Keeping a dream journal is the first step to remembering your dreams. It’s the tool that most people use to increase dream recall and is also the mostly widely recommended. And for good reason. By taking time every day to recall and record your dreams, you are alerting your mind that they are important.
Every day, we are exposed to so much stimuli that we cannot possibly process it all. Most of what we take in through our five senses doesn’t reach our conscious awareness. If everything did, we’d be so overwhelmed with data that we’d have NO IDEA what to focus on.
But our brains are smart. They have developed the ability to be selective. We take note of those things which have been important in the past, and disregard the rest.
If you’ve spent your lifetime disregarding your dreams, you have essentially trained your brain to believe they are unimportant and belong in the category of excess information. If this is the case, your dream recall will likely be poor.
But never fear. You can still learn to remember your dreams. You just need to teach your brain to pay attention to them. Once your mind understands that dreams are an important part of your life, it will do its part to help you recall them.
By keeping a dream journal, your mind gets its daily reminder to pay attention to what’s going on during the night.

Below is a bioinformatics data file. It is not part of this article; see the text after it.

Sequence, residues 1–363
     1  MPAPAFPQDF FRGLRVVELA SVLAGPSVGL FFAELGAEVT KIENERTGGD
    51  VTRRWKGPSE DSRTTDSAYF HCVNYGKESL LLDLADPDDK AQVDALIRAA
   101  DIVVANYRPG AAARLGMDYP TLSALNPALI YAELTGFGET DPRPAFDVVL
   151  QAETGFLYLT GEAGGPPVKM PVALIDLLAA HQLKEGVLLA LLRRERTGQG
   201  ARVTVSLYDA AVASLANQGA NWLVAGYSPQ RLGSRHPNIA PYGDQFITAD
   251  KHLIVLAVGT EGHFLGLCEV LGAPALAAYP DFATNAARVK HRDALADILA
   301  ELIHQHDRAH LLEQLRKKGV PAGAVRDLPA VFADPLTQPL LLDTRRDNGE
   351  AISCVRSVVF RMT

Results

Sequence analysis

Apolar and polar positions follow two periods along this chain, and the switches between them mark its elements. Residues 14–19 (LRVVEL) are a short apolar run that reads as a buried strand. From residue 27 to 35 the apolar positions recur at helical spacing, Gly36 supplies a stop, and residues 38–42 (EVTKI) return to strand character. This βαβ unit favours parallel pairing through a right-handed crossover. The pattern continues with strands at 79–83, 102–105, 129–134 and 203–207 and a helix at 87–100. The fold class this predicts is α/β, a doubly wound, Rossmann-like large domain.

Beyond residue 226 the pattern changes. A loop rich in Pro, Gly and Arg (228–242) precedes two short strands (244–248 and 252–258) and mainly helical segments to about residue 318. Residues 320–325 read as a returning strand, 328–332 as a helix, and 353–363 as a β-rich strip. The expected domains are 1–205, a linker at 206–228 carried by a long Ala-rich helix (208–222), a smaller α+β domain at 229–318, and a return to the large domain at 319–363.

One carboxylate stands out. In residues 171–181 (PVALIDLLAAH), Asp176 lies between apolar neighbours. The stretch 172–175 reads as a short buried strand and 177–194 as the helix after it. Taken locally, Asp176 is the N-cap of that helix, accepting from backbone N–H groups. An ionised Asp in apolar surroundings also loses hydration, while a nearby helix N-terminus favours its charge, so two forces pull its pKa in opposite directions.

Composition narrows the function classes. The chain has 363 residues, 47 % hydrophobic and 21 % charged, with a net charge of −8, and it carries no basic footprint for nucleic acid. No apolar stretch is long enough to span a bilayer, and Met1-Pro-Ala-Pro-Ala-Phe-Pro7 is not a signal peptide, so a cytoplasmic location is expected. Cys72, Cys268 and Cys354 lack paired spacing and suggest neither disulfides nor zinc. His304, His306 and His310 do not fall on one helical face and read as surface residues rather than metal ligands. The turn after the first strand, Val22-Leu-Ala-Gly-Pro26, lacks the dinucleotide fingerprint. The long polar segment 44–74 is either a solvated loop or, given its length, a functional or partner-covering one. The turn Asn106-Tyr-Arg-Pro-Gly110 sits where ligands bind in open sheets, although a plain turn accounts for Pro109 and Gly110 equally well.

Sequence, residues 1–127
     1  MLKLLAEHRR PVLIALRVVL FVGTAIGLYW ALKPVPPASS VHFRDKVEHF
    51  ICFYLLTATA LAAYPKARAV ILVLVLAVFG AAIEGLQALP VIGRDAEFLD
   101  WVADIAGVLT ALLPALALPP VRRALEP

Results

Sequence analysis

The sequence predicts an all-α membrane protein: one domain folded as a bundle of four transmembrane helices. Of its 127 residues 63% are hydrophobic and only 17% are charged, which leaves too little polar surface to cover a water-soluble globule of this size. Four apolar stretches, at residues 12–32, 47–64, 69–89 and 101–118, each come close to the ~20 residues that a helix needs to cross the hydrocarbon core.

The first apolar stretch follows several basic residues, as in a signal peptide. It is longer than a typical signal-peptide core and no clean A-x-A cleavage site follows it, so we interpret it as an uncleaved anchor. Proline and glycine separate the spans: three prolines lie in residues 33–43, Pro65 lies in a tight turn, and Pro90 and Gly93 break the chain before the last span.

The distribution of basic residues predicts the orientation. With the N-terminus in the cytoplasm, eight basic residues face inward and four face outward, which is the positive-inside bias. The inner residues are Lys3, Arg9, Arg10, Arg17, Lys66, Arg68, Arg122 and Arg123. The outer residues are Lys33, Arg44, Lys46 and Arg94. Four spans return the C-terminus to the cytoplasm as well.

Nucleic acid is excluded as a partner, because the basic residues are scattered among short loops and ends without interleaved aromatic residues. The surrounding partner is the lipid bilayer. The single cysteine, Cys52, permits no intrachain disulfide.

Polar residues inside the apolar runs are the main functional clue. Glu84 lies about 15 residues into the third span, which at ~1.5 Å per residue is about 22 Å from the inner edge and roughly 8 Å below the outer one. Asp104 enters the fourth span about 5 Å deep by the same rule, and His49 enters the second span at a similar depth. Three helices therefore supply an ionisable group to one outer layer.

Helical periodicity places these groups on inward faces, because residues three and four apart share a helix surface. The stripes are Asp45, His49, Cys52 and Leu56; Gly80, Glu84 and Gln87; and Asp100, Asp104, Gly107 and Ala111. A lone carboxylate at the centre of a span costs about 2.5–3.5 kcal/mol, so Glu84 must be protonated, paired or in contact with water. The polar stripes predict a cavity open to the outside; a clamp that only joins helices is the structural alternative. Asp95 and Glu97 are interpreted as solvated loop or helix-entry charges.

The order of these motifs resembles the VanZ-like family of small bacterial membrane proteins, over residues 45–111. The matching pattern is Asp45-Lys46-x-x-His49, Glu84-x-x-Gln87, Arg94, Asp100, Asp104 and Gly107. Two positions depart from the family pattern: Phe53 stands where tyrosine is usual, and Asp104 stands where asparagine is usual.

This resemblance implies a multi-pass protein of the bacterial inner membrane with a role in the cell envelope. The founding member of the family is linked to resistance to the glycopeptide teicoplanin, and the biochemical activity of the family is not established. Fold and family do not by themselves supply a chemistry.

But where do you begin? Keeping a dream journal doesn’t have to be complicated or time consuming. But it is important to have some strategy to keeping your journal.
Here’s how to keep a dream journal for maximum benefit:
Write Every Morning
Spend a few minutes first thing in the morning recording your dreams. Do this as soon as possible. Since dreams are stored in your short-term memory, they will fade fast unless they are transferred into your long-term memory or recorded. Write in your dream journal while still in bed, if possible. If it’s not possible, at least jot down a few key symbols or themes that stand out and can help jog your memory so you can record the details later.
If you can’t record your dreams while still in bed, make sure you write down your dreams the first chance you get. I like using a small portable journal that I can easily carry in my purse and write while on the go. That way, if I don’t get to record my dreams immediately, my journal will be with me when I’m ready.
Use Present Tense
When recording your dreams in your dream journal, use present tense rather than past tense. Working this way creates more intimate dream recall. You are in the action, reliving the story of your dream in the moment. Writing in the present tense creates a more active reading experience and brings new life to your dreams.